‘The Films of Rita Hayworth’ Is a Set Nearly as Beautiful as Hayworth Herself

Mention Rita Hayworth and the first thing that springs to mind is invariably the image of the fiery bombshell in a seductive pose. In the early-’40s Hayworth was a favorite pinup—second only to Betty Grable—among G.I.s, but by the end of the war she had become a favorite leading lady in Hollywood, as well. The Films of Rita Hayworth collects five of her films, spanning from 1944-1953, in newly remastered form. Three of these—Tonight and Every Night, Miss Sadie Thompson and Salome—are apparently available for the first time on DVD in this set.

She began her career in and gained notoriety in musicals, including some with Fred Astaire, but it wasn’t until 1944’s Cover Girl that she had a starring role that was a true vehicle for her varied talents. She sings, she dances, she acts and, of course, looks ravishing in vibrant Technicolor for this fluff piece about a chorus girl who becomes a star in the fashion world because of her resemblance to her grandmother, with whom the publisher of a magazine was once smitten. Gene Kelley, who plays the owner of the club where she works and her love interest, was the top-billed star of Cover Girl, but it’s Hayworth that we’re here for from the moment she appears.

Tonight and Every Night (1945) is another musical, this time based on the true story of a London theatre that never missed a performance during the blitz. Available for the first time on DVD, it’s not the greatest of narratives, but the musical numbers and Hayworth’s performance of “You Excite Me”, in particular, are well worth watching.

In 1946, at the age of 27, Hayworth made the film that would become her most iconic, cementing her stardom and the perception of her as a femme fatale, something she railed against as false for much of her life. Gilda is classic noir, and arguably, a hallmark of the genre. The dialogue is smart, witty and full of subtext, which makes the verbal volleys crackle all the more. Hayworth’s portrayal is riveting and complex, at once brazenly dangerous and believably sympathetic. You understand why Johnny (Glenn Ford) mistrusts her so, but you find yourself siding with her the whole way through. Then there’s the electricity of her striptease performance of “Put the Blame on Mame” and her signature dance to “Amado Mio”, which never fail to thrill.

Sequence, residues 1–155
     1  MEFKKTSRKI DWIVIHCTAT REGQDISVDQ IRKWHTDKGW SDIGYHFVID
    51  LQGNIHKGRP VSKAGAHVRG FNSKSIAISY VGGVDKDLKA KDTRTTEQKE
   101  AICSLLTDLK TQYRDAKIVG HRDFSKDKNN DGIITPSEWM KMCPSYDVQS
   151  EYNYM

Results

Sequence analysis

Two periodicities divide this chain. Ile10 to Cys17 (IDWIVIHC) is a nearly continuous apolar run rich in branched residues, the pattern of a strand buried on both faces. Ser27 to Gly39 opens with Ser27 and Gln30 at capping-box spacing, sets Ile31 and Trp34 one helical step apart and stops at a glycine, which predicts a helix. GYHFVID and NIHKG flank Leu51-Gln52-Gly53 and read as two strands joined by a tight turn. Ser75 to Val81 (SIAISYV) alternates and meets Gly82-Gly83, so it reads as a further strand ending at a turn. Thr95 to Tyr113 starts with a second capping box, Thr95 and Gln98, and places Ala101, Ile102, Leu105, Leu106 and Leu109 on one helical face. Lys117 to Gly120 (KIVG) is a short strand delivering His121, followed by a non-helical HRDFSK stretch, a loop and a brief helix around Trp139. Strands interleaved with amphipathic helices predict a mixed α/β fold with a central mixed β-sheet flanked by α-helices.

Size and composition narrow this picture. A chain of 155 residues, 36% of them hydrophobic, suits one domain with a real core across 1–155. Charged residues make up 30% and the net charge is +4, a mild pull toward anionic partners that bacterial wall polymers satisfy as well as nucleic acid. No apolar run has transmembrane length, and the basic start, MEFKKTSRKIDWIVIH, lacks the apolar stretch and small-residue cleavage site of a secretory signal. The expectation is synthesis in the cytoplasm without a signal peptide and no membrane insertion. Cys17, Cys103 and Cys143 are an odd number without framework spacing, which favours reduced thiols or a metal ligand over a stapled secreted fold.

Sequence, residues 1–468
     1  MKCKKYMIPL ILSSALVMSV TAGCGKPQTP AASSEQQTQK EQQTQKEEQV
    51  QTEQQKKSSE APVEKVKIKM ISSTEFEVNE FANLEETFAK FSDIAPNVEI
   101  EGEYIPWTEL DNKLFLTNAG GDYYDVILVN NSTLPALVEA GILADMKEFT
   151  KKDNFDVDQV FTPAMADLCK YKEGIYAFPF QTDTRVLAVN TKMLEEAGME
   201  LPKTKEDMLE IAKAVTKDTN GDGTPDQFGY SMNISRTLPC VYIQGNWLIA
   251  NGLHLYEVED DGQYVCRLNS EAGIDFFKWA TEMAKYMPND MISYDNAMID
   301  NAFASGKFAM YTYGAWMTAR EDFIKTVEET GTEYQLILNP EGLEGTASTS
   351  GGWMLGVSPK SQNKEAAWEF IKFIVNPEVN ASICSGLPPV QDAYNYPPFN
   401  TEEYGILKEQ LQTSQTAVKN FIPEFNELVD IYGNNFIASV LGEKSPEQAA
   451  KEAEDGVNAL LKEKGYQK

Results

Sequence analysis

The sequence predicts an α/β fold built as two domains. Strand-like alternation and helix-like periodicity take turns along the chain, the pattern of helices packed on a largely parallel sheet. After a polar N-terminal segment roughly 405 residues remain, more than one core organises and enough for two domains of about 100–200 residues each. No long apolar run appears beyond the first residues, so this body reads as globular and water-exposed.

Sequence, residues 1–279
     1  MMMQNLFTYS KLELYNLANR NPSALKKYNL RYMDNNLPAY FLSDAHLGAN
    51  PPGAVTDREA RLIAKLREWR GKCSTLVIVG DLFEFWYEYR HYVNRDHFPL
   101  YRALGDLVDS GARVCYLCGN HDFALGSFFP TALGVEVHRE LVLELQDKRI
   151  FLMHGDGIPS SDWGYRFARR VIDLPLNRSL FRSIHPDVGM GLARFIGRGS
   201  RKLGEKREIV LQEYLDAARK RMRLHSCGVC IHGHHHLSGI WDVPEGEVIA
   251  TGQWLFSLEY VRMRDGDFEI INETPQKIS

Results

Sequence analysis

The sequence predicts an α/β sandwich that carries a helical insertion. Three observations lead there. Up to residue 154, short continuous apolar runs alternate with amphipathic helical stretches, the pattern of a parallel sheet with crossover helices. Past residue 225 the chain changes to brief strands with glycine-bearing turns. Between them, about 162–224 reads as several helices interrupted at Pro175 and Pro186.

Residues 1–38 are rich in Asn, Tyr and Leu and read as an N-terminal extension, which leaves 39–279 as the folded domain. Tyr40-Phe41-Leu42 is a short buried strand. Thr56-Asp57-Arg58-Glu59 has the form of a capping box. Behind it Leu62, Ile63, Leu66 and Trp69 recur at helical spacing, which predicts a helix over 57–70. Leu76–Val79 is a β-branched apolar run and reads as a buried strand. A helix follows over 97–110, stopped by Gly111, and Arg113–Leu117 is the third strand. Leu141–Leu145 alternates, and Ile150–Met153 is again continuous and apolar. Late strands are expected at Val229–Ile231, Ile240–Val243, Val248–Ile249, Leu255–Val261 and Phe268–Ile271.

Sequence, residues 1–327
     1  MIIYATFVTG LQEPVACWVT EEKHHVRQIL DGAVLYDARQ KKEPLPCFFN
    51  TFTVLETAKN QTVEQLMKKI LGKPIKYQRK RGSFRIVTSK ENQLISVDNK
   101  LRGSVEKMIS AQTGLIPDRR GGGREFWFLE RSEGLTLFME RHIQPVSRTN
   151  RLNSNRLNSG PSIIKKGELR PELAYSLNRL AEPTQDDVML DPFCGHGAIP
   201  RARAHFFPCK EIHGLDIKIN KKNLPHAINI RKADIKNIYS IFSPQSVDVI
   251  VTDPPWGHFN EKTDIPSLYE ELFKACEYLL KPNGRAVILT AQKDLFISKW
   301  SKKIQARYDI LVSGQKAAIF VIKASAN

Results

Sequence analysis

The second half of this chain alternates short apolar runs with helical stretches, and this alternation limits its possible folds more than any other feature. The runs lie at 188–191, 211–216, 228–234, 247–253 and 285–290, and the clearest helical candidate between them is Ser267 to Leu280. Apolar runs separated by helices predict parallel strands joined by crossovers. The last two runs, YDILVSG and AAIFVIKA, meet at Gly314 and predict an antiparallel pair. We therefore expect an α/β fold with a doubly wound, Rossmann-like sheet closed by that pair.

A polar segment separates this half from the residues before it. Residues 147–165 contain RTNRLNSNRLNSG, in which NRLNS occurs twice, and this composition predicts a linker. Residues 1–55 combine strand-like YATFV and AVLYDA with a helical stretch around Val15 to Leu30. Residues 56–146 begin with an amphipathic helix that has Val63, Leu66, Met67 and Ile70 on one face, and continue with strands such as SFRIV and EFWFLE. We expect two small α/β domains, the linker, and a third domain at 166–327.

Salome (1953) , also available on DVD for the first time in this set, is a typical Hollywood Biblical epic. Meaning it’s not very good. The dialogue seems to be an afterthought, and most of the actors recite it sounding exactly as bored as they must have been. It’s rather excruciating to sit through, and Hayworth is its only redeeming feature. She looks stunning, of course, and if you’re able to make it through the first hour and a half of mawkish morality you will be rewarded with Hayworth’s famous “Dance of the Seven Veils”.

If you want risque dancing from Rita Hayworth with a bit less obvious moralizing, try Miss Sadie Thompson. Also released in 1953, and also on DVD for the first time, it is a remake of Sadie Thompson starring Gloria Swanson, which was itself based on the short story Rain by W. Somerset Maugham. Sadie, a “free spirit”, who worked at “dance halls” and “night clubs”–all of which is 1950s censor-speak for whore—arrives in Samoa and excites the Marines stationed there while inciting the ire of a preacher. Hayworth is lush and lovely, though the script itself doesn’t do justice to the source material, which is probably just as well since the reason to watch is Sadie’s sexy shimmying for the boys in the bar. Miss Sadie Thompson was banned in several places for the “lewdness” of that dance, but perhaps that’s just because the original was shown in 3-D!

The Films of Rita Hayworth offers special features in the form of conversations and introductions with Baz Luhrman, Martin Scorsese and Patricia Clarkson. Luhrman discusses Cover Girl and Gilda, Scorsese rhapsodizes about Gilda and Clarkson talks about Tonight and Every Night and Miss Sadie Thompson. Luhrman’s comments are probably the most interesting given that Moulin Rouge owes a great debt to Hayworth and her work. Scorsese always provides fascinating insight, of course, but Clarkson’s segments seem stiff and strange, and as if they were taken from other sources. Other features include a commentary for Gilda by critic Richard Schickel and the original trailers for each film.

Another thing included in this set is an insert with a letter encouraging fans to donate to the Alzheimer’s Association in Hayworth’s memory. Rita Hayworth was a victim of early onset Alzheimer’s Disease, and suffered with it for years before it was diagnosed. In 1984, Hayworth’s daughter founded the annual Alzheimer’s Association Rita Hayworth Gala, which has since raised millions. The insert comes with a pre-addressed, postage-paid envelope, and is a lovely, if unusual, extra for a DVD package.

The Films of Rita Hayworth is a beautiful set, and it might be a must if your film collection could use and upgrade, or if through some inexplicable oversight, it doesn’t already include Gilda.

RATING 6 / 10